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Tue., Jul. 28
Serving the communities of Massena and Potsdam, New York
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New code-enforcement officer begins work in Potsdam


POTSDAM — Norwood resident Larry J. Colbert began work as the village’s newest code enforcement officer this week, the third man to take on the job this year.

Mr. Colbert, a former town councilman and retired industrial electrician, said he took the job as a way to stay occupied during his retirement.

“I wanted something to keep me busy, and I think it will,” he said. “I don’t believe in sitting home watching TV day after day.”

According to Village Administrator David H. Fenton, Mr. Colbert’s experience with contracting and local government give him the skills he needs to handle the job.

“He has a good temperament. I think he’s very good with people, and I think he also has considerable contracting experience,” Mr. Fenton said.

Mr. Colbert is not yet certified as a code enforcement officer. He will need to undergo six three-day training courses at various locations across the state, the first of which he attended this week.

Mr. Colbert’s salary is $42,500 a year. This will be increased to $44,500 once he has completed his training, a process that will likely take about six months, according to Mr. Fenton.

While Mr. Colbert is undergoing training, he will still be able to perform his duties, according to Mr. Fenton. For any situations that may come up that he is unsure how to handle, people will be available to help him out.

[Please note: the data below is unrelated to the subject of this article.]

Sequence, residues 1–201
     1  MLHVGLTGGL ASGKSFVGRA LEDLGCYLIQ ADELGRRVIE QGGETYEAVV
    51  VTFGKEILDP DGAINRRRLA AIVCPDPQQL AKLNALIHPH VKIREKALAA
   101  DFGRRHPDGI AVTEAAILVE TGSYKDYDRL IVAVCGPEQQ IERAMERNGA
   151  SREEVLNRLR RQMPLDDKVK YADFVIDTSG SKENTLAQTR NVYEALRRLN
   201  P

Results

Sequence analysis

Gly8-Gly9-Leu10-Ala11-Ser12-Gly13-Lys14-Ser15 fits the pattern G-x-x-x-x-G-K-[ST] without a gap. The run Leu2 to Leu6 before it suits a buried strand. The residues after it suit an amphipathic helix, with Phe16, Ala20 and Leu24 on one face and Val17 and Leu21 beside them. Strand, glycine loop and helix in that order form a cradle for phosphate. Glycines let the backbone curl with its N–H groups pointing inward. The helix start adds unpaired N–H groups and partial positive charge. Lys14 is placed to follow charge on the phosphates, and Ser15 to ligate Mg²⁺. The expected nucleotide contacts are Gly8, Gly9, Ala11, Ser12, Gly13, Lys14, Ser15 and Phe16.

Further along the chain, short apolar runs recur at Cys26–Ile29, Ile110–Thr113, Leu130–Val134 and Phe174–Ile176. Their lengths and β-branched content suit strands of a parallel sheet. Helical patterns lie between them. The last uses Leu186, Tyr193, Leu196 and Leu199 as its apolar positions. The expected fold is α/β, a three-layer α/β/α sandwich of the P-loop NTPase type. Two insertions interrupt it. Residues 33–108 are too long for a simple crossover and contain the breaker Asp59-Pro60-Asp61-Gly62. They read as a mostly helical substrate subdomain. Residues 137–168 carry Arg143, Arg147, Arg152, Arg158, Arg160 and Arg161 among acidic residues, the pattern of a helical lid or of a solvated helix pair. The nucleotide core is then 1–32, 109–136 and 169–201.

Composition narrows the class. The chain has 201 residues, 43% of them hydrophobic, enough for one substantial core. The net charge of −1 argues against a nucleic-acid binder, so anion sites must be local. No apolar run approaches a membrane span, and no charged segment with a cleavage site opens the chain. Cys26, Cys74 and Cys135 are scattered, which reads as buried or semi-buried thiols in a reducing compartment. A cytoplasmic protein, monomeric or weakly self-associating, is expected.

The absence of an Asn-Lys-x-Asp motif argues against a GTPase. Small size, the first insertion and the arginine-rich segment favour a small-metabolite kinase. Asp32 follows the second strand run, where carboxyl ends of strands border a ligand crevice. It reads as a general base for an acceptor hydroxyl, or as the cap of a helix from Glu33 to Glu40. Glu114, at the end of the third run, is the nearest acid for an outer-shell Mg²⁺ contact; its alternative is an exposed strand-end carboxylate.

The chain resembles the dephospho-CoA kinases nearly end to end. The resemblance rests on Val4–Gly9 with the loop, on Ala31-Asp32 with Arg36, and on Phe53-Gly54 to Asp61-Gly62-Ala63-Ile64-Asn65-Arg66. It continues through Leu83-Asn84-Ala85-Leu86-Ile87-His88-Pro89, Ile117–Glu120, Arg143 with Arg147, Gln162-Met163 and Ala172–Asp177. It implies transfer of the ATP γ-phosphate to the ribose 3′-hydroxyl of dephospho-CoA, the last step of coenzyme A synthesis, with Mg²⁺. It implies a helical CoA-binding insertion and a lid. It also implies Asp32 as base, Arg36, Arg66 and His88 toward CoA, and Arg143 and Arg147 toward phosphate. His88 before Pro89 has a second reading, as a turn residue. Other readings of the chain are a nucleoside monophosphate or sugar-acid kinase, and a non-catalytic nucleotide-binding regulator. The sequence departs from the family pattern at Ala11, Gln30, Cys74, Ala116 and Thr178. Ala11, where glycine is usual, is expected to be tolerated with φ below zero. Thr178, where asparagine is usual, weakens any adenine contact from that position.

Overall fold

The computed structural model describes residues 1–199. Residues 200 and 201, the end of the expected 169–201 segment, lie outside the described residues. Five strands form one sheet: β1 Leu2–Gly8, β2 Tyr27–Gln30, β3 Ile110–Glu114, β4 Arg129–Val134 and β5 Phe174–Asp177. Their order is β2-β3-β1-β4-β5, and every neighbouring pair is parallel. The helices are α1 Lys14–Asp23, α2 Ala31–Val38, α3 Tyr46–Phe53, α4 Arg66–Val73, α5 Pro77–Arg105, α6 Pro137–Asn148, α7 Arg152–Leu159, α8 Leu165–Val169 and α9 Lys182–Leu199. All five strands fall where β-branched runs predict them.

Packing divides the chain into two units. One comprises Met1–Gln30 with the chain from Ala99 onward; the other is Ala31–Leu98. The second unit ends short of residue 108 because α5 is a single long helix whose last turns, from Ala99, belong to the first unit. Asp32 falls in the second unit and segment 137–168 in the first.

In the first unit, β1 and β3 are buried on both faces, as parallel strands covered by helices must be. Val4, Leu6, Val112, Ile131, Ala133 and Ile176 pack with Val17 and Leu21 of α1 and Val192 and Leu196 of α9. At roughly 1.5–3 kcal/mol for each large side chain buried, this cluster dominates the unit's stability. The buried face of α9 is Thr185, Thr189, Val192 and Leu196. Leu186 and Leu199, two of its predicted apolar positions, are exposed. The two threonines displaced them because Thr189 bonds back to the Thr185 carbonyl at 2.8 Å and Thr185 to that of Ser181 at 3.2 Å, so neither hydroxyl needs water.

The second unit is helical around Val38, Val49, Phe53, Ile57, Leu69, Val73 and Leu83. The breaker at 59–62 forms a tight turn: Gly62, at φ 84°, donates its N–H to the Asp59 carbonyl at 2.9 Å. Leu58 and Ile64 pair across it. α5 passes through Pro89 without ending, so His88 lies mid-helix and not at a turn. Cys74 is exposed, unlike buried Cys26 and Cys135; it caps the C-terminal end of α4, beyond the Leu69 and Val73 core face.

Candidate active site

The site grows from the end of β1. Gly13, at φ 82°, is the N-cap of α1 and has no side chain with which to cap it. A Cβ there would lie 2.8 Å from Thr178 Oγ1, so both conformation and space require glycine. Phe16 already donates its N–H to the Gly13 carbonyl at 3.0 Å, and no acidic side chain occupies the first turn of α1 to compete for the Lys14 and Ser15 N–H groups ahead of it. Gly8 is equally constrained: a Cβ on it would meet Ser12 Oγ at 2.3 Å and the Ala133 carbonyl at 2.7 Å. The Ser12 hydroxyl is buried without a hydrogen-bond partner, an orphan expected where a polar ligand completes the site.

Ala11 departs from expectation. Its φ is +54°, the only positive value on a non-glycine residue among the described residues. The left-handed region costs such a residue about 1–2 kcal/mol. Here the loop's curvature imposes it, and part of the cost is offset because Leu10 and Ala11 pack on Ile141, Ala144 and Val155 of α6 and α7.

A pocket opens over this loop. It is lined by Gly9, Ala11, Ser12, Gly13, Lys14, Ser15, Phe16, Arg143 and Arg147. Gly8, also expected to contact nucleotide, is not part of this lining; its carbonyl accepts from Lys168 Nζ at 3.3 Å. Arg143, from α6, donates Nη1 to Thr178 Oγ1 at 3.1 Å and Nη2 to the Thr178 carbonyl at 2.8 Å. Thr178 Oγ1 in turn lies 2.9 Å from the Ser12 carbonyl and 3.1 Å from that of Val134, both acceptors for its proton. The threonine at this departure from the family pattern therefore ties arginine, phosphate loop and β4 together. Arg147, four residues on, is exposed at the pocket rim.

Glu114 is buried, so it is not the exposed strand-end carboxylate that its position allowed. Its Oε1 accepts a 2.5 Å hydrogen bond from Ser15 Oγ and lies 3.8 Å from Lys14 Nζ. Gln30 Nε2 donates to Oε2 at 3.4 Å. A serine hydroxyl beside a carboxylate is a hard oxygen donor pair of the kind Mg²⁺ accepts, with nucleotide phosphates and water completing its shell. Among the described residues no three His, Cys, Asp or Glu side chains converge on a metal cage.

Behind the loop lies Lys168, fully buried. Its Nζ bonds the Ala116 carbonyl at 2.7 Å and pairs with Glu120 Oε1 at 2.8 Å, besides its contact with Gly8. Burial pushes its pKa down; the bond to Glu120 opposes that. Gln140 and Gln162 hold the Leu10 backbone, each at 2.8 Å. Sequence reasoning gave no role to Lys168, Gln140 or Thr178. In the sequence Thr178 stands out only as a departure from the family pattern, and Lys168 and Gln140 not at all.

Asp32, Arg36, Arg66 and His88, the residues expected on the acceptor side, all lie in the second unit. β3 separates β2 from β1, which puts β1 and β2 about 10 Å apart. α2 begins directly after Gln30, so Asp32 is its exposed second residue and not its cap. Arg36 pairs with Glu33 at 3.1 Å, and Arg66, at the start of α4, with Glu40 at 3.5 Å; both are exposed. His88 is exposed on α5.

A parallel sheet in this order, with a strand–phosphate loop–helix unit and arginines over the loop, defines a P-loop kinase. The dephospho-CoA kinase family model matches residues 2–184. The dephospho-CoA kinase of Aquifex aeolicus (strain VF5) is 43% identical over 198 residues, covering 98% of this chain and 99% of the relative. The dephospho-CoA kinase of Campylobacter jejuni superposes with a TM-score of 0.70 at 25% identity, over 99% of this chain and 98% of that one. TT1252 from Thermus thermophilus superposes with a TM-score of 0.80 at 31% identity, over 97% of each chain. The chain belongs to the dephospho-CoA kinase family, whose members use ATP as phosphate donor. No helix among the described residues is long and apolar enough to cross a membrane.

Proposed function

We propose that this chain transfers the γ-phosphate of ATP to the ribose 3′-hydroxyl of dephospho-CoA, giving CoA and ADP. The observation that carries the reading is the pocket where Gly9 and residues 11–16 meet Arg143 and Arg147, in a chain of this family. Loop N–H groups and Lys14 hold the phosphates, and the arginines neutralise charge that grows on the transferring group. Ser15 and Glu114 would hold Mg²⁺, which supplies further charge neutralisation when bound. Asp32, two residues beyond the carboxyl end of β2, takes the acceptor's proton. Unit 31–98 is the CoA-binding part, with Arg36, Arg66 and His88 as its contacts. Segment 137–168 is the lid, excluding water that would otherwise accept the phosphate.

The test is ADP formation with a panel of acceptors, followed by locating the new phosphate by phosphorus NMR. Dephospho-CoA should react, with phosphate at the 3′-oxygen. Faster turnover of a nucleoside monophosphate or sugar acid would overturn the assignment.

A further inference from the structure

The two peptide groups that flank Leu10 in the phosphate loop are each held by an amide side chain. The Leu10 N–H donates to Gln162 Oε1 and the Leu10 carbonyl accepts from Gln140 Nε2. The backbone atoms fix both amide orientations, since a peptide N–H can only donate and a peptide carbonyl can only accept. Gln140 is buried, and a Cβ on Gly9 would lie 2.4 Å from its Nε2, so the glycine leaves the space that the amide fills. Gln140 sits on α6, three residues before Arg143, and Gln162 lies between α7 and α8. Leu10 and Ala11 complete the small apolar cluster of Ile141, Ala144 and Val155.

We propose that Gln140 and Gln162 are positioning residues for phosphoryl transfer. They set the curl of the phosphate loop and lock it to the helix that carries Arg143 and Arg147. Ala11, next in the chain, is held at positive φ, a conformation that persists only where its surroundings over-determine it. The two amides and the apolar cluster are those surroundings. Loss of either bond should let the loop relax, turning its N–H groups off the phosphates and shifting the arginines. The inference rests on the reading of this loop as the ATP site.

“There are folks that he can call at the state level that can give him advice for certain situations,” Mr. Fenton said.

The code enforcement position has been vacated twice this year. Timothy J. O’Brien was fired by the village board in May, after slightly less than one year on the job.

Mr. Colbert applied for the position to replace Mr. O’Brien, but was passed over in favor of Clarkson graduate Kevin Brostek, who quit after barely one month had passed.

Mr. O’Brien has sued the village to get his job back, saying he was fired for trying to enforce building and safety regulations at Clarkson University, where three board members work.

Mr. Fenton said he expects Mr. Colbert to bring stability to a position that has proven violatile this year.

“Larry is a local person who’s going to settle into that job and be there for quite some time,” he said.

As for Mr. Colbert, he says he is eager to get to work.

“I think we’re going to be busy, and I think I’m going to enjoy the job. Potsdam is a very busy community,” he said.

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